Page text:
In N.H., John H. Sununu Aims to Back a Governor in '16

In N.H., John H. Sununu Aims to Back a Governor in '16

By Scott Conroy - December 24, 2014

HAMPTON FALLS, N.H. -- Far from the crowded diners and towns halls that form the backdrop of primary campaigning in New Hampshire, consequential discussions about the impending race for the Republican presidential nomination are already being held inside a big house at the end of a quiet cul-de-sac. 

Ambitious visitors to the Seacoast region home of former Gov. John H. Sununu typically are offered a cup of coffee or glass of water before they take a seat on the plush living room couch.  

After a bit of small talk, it’s down to business.  

Ted Cruz and Marco Rubio are two of the potential 2016 GOP hopefuls who have already paid their respects and sought counsel in this fashion from Sununu, who steered George H.W. Bush’s 1988 New Hampshire primary victory over Bob Dole and went on to serve as the 41st president’s White House chief of staff. 

These days, Sununu remains the patriarch of the Granite State’s tightknit -- if somewhat adrift -- Republican family, and his endorsement will be among the most coveted leading up to the first-in-the-nation primary. 

For that reasons, Sens. Cruz and Rubio will be unhappy to learn that his support for their prospective candidacies does not appear to be in the cards.   

“I think the next president has to be a governor,” Sununu told RCP in an interview. “The country cannot tolerate having somebody who’s never had to deal with a legislature or make executive branch decisions in the White House. This thing’s got to be fixed, and it’s got to be fixed by somebody with that talent. Eight years of nothing has to be repaired. So I haven’t made a commitment yet, but I will probably endorse a governor or a former governor.” 

After taking another sip of coffee on this morning when last-minute Christmas shopping remained on his agenda for later in the day, Sununu added that he may also choose to sit out the primary fight altogether, considering that he has many friends who are likely to be competing against one another in the race.

But his contention that the next standard-bearer should be a governor has been echoed by many other prominent GOP officials around the country -- and by several of the likely candidates who currently occupy corner offices in their state capitols, or once did.  

Sununu singled out Wisconsin’s Scott Walker, Indiana’s Mike Pence, Ohio’s John Kasich, Louisiana’s Bobby Jindal, and former Govs. Jeb Bush (Florida) and Mitt Romney (Massachusetts) as potentially strong candidates who could earn his backing.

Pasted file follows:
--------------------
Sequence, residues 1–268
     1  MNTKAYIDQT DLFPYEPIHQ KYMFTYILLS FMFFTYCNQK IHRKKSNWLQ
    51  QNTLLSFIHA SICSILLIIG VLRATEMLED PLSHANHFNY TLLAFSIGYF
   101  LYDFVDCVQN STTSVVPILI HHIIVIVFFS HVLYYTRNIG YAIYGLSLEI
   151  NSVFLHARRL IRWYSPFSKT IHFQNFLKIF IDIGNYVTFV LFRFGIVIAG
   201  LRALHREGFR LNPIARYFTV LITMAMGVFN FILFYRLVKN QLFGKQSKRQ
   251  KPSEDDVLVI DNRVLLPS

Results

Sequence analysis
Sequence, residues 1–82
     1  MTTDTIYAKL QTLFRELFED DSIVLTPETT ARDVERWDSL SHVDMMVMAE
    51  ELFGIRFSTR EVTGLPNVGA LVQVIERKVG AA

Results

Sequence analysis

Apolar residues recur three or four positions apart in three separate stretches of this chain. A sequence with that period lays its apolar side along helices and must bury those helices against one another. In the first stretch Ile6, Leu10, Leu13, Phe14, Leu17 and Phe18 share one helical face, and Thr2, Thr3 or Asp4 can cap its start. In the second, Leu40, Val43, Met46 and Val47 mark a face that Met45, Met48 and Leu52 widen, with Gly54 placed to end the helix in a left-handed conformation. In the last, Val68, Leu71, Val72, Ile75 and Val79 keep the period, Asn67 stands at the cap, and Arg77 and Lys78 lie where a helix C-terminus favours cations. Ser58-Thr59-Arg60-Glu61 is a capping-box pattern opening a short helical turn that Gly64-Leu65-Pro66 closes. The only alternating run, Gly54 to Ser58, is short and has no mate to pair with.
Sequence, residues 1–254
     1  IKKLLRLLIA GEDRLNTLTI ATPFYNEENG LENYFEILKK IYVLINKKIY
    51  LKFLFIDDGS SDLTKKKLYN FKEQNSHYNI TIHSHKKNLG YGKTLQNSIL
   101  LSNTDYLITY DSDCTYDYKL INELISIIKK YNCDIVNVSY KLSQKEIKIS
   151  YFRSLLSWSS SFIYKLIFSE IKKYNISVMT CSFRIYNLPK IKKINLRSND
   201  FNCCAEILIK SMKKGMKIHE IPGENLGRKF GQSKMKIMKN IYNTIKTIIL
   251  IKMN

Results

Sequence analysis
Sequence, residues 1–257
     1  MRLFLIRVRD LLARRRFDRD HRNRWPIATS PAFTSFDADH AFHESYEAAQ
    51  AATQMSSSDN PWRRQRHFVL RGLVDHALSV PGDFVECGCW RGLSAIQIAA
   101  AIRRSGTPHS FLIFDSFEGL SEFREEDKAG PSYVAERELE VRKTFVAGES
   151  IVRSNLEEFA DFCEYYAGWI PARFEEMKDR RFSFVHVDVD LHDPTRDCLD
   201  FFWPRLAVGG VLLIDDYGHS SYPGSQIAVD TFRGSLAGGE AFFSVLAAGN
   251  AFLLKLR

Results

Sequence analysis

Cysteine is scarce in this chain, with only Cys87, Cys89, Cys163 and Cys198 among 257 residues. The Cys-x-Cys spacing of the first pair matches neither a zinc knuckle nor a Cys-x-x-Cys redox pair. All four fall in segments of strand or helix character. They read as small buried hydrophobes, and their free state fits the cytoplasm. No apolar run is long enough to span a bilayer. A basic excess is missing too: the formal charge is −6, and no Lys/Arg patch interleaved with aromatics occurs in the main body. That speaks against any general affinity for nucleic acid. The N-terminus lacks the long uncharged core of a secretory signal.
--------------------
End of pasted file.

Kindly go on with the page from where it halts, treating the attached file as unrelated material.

He said he’s open-minded about which contender he will support, despite a common assumption that his deep and longstanding ties to the Bush family make an eventual endorsement of Jeb Bush nearly inevitable.  

“I’m not going to say anything, but that may be not a good assumption,” Sununu said.  

An MIT-trained mechanical engineer who can solve complex mathematical equations in his head more quickly than it takes other people to do with a calculator, Sununu is known in New Hampshire as much for his sharp political acumen as for his penchant for stirring up controversy via off-the-cuff remarks.  

On its face, Sununu’s backing alone may not mean much in a state where endorsements from the powers that be are often regarded with a shrug and a terse reply of “So what?” 

But it is the still feisty 75-year-old’s willingness to go to the mat for whomever he gets behind that is the greatest value he brings to a campaign. 

Sununu is already offering some collective advice to all of the likely contenders.  

In the interview, he said that the Romney campaign’s biggest mistake during the last race was failing to emphasize issues “in the right sequence,” suggesting that the 2012 nominee moved too eagerly to paint himself as a hard-right firebrand during the early stages of the primary fight.  

“The more conservative members of the Republican Party are beginning to understand that hot rhetoric doesn’t change policy,” Sununu said. “I think people are beginning to hone down to the details of commitment on the issues, rather than the noise.” 

But Sununu, who has never shied from doling out a healthy dose of “hot rhetoric” himself, made clear that a milquetoast contender isn’t going to cut it in New Hampshire this time around either.   

“Politics is like diving: Style points count,” he said. “And you have to have a style that is attractive, so you can succeed, and so you can implement policies. I want to change policy, not just rub something in people’s eye.”

Scott Conroy is a national political reporter for RealClearPolitics. He can be reached at Follow him on Twitter @RealClearScott.

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